PSA's Varin sees European rivals cutting capacity, paper reports
Philippe Varin says PSA is in ''advanced negotiations'' to create 600 alternative jobs at the Aulnay plant, which is earmarked for closure.
PARIS (Reuters) -- PSA/Peugeot-Citroen CEO Philippe Varin said he "would not be surprised" to see other automakers cut European capacity in the wake of his decision to close a plant near Paris, French newspaper Le Monde reported on Tuesday.
"The problem of overcapacity doesn't just concern us," he was quoted as saying. "I wouldn't be surprised to see others taking this type of decision."
Varin also told the daily that the Paris-based automaker was in advanced talks on the creation of 600 jobs at Aulnay, the site of the assembly plant earmarked for closure in an announcement last week.
PSA unveiled plans on July 12 to shutter the factory and cut 8,000 jobs across its French sites to stem mounting auto-division losses compounded by Europe's market slump. The plans have drawn angry reaction from unions and France's new Socialist government.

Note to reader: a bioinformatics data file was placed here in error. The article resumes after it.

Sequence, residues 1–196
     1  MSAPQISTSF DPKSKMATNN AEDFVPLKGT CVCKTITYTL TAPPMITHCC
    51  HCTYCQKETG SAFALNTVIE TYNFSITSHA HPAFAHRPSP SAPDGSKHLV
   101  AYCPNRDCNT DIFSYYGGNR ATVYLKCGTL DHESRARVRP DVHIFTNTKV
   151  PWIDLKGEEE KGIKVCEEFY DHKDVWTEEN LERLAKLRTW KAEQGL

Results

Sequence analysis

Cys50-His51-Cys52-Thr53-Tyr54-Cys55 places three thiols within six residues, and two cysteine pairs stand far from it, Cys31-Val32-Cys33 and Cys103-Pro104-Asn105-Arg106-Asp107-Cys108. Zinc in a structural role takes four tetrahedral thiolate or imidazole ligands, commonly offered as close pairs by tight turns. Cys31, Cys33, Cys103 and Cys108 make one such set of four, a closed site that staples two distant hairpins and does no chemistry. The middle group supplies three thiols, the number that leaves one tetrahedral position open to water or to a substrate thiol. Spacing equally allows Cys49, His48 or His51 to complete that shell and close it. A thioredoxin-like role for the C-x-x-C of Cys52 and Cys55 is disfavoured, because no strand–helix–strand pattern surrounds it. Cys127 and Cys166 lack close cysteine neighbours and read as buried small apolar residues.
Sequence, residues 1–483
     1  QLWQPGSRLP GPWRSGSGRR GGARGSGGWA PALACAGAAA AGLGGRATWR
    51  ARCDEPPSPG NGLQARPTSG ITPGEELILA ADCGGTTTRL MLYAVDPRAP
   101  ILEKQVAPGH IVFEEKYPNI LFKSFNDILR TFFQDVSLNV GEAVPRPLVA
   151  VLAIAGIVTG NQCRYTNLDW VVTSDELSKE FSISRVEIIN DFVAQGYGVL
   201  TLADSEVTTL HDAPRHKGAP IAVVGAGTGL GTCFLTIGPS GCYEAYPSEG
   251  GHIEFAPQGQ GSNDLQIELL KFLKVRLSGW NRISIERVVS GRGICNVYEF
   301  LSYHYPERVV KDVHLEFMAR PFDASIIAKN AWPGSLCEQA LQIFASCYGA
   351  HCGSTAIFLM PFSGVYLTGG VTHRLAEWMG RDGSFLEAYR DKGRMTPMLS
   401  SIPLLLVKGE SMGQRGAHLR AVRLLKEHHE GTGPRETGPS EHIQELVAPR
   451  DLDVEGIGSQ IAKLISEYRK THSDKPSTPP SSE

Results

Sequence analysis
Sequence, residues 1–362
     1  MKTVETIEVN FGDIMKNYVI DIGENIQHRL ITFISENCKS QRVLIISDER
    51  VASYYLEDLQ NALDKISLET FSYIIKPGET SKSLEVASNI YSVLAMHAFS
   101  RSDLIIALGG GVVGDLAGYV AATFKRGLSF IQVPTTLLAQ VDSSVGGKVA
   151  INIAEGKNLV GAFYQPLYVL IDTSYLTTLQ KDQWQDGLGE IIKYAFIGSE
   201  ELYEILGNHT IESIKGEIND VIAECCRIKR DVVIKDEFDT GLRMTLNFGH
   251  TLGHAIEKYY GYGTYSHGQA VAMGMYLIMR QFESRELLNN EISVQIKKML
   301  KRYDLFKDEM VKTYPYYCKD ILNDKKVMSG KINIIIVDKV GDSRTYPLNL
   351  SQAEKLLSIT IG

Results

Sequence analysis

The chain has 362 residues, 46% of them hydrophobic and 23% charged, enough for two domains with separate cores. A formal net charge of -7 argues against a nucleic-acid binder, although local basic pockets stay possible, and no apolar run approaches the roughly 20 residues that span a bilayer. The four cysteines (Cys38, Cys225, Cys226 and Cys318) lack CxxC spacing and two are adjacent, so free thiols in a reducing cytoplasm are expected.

Half of the 3,000-strong workforce at Aulnay, which builds the Citroen C3 subcompact, is to be transferred to PSA's other Paris plant in Poissy, west of the capital, which builds the Peugeot 208 subcompact, after the factory closure in 2014.
PSA also said it aims to help generate new jobs at Aulnay by encouraging development of other industries and companies on the site.
"We are going to help create 1,500 jobs, and we're in advanced negotiations for 600 of those," Varin was quoted as saying, without giving further details.
Sales of PSA vehicles in European Union and EFTA countries fell 13.7 percent to 827,163 in the first six months, according to data from the Brussels-based motoring organization ACEA, published on Tuesday. The automaker's market share dropped from 13 to 12 percent, ACEA added.
Automotive News Europe contributed to this reportContact Automotive News